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Divisive Debenhams Plans Could Be Decided Next Week

Published on: 18 Nov, 2022
Updated on: 19 Nov, 2022

Guildford Debenhams proposed redevelopment as it would be viewed from the bottom of the High Street. Image: Squire and Partners

By Emily Coady-Stemp

local democracy reporter

New plans for Guildford’s old Debenhams store could be decided next week – but locals are divided on its future.

The proposed development now includes just five affordable homes, and has divided residents, with 189 letters of objection and 149 in support.

See also: St Mary’s Wharf Proposed Riverside Access Could Be As Tolerated By Future Owners

The store closed in May 2021, and plans to redevelop it have now been amended to bring the overall height down, change the materials used for it, and make changes to the public space around it.

Guildford Debenhams proposed redevelopment viewed from the Town Bridge. Image: Squire and Partners

The final development will be a mix of 185 homes – down from an original plan for 215 – and shops and could include a cinema.

A decision could be made by Guildford Borough Council’s planning committee in a special meeting on Tuesday (November 22).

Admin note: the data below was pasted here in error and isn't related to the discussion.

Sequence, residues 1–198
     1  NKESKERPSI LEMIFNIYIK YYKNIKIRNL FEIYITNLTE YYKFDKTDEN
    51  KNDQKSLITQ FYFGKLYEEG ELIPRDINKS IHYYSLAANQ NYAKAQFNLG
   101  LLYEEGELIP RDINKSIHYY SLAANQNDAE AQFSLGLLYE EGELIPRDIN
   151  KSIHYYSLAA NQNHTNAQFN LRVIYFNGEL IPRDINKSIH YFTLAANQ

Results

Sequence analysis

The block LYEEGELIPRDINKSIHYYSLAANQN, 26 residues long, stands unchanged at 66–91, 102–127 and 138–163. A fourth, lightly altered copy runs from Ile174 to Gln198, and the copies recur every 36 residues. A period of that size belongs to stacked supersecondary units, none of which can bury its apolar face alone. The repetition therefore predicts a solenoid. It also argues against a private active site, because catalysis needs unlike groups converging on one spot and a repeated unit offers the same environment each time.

The plans include knocking down the current building, but keeping its basement to be redeveloped as part of the project.

Objections to the scheme have come from Guildford Residents’ Association who called for the building to be lower still and from the Twentieth Century Society describing the site as “a building of local interest” fitting into the surrounding area.

The officers’ report into the plans shows other objections included not respecting the town’s historic core and “too much red brick” giving “the unfortunate appearance of an industrial warehouse or prison”.

The report by council officers recommends approval of the plans, subject to conditions including the developer agreeing to the five affordable homes, and healthcare and education contribution and the newly created Civic Square to remain accessible to the public “in perpetuity”.

Comments in support said the plans, for two buildings on the site, allowed public access to the River Wey “for the first time in decades” and a sustainable location within walking distance of the train station and amenities.

The new plans for the buildings, originally designed as nine and eight storeys high, see the taller now reduced to seven stories.

Changes also mean there can now be four- and five-bedroom homes offered in the second building, while the affordable homes will all be one-bedroomed.

The materials used for the buildings have also been changed to reflect those in the area.

They now include an oxidised copper “diamond fish scale” tile on the top floor to reflect the roof of the Yvonne Arnaud Theatre and St Nicholas’ church and a ‘biscuit tone’ brick to mirror Guildford Castle and other buildings.

The meeting will take place on Tuesday (November 22) at 7pm.

See more Debenham’s site stories here.